Re: [Ips] iSCSI-specific unit attention conditions

"Bill Galloway" <> Sat, 04 April 2009 06:28 UTC

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From: "Bill Galloway" <>
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Date: Sat, 4 Apr 2009 01:29:03 -0500
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Subject: Re: [Ips] iSCSI-specific unit attention conditions
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This is a re-send from a different email.... 

I am the guilty party associated with these sense codes.  I have been
traveling for the last few days or I would have chimed in sooner.  My
original proposal was not iSCSI specific.  It added three ASC/ASCQs which
were DEVICE PORT ADDRESS ADDED/CHANGED/REMOVED. The original names actually
explain the intent better (IMHO).

We produce an iSCSI target with many "Portal Groups" and "Network Portals".
Portal Groups come and go dynamically. Within a Portal Group, Network
Portals come, go, or change dynamically.  The intent is for the initiator to
be connected to all Network Portals, on all Portal Groups, all of the time.
This is usually accomplished with some combination of MCS in the initiator
and a MPIO (multipath) layer above the initiator.  The initiator is
perfectly willing to make all of these connections but there is no way
specified in any standard to accomplish this task.  There is a mix of layers
here that makes for a messy solution.  I am certainly open to a better one.

The SCSI layer could care less about Network Portals coming, going, or
changing but something has to kick the initiator to do a new discovery and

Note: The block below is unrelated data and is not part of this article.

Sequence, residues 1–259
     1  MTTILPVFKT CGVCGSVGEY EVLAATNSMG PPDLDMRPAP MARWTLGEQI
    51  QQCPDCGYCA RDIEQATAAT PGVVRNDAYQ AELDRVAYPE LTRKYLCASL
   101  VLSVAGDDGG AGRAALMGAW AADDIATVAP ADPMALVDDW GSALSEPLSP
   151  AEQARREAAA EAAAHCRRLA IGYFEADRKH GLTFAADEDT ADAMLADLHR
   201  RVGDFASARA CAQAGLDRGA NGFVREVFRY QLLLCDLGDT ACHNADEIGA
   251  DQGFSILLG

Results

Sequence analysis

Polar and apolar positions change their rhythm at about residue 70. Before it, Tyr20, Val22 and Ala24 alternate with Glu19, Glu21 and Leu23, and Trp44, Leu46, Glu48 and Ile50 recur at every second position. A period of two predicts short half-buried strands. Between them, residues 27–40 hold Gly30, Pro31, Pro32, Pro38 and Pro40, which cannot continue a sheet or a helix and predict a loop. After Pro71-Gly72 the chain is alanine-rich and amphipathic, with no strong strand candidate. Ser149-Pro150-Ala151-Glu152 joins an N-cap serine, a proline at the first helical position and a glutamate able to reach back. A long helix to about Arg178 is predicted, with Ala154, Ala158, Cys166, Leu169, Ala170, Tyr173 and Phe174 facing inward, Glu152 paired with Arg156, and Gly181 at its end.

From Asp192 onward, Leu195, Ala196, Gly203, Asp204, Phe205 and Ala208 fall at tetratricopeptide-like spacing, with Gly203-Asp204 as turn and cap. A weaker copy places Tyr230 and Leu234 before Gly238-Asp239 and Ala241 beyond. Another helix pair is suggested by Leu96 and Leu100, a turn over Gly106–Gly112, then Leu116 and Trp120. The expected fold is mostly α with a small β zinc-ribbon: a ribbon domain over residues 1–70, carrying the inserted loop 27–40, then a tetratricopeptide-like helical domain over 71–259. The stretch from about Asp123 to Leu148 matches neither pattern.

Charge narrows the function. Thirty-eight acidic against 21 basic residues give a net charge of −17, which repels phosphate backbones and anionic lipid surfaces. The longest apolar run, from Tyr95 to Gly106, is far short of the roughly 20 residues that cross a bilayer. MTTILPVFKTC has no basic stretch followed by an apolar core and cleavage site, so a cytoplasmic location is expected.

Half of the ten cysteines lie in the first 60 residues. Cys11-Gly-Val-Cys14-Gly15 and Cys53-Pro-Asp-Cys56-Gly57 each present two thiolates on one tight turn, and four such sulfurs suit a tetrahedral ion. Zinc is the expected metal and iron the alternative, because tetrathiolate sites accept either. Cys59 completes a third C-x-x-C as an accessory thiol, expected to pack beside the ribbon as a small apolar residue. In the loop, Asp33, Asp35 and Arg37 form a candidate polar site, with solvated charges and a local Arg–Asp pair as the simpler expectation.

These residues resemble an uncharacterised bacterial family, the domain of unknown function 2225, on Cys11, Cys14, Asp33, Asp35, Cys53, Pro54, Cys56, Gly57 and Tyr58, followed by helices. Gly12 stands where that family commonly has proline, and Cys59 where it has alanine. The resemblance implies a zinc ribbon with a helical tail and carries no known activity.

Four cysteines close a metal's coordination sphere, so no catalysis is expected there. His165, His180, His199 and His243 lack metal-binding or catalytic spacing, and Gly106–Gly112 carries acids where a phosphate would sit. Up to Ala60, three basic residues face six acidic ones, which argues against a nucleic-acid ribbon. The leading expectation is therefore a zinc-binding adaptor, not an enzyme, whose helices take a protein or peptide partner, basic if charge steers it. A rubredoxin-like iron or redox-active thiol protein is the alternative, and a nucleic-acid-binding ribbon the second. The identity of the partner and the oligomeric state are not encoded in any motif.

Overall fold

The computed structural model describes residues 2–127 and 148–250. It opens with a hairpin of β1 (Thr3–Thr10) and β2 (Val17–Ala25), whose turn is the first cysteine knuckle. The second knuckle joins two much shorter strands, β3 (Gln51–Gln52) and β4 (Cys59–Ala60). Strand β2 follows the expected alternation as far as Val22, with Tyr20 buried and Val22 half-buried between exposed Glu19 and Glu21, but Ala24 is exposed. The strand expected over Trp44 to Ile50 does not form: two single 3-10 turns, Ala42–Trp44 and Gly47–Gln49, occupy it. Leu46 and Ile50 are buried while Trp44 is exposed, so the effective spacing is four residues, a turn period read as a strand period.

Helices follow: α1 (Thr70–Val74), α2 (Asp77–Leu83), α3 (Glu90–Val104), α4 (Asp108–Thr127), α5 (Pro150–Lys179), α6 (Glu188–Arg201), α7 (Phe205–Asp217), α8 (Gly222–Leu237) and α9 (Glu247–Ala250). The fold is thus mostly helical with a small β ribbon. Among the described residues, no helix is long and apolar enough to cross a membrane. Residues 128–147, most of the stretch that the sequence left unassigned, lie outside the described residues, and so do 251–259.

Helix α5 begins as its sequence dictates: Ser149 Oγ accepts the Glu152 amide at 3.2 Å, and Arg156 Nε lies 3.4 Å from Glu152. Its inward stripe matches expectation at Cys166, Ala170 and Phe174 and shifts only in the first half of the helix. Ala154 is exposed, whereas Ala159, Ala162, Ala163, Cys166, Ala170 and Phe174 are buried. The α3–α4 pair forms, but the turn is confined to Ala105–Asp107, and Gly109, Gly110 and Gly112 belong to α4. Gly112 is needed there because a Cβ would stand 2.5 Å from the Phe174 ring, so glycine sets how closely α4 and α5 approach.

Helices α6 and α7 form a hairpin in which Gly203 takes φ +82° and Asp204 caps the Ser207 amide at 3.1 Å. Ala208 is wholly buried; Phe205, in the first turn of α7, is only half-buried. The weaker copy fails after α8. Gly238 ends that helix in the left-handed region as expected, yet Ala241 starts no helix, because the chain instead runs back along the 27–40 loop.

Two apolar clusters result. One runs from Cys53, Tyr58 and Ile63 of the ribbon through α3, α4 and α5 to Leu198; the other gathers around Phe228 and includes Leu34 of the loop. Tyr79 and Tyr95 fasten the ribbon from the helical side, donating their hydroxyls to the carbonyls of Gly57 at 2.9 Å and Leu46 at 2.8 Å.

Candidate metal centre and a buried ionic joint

make the appropriate connections.  This would have been better handled at
the iSCSI layer but I could find nothing available.  In our implementation
the MPIO layer traps these UAs and kicks the initiator.

The SCSI layer does have a legitimate need to know about Portal Groups
coming and going.  These map to SAM target ports and the SCSI layer may need
to know. The initiator also needs to know so that it can make the new
connections.  In our implementation the MPIO layer also traps these UAs and
kicks the initiator.

Why three codes? No good reason.  My first proposal was more generic than
iSCSI and there was a hope that it would be useful to other protocols.  To
get the proposal passed, I agreed to change the names to be iSCSI specific.
In retrospect when I made the name change, I could have dropped it to one
code.  In our current implementation we treat all codes the same.

I hope this explains the rational for these ASC/ASCQs.  I am not aware of
anything in the iSCSI spec that accomplishes these goals. I am certainly
willing to explain further and to work with STORM to document this better
and/or come up with a better solution.

Bill Galloway
Pivot3, Inc.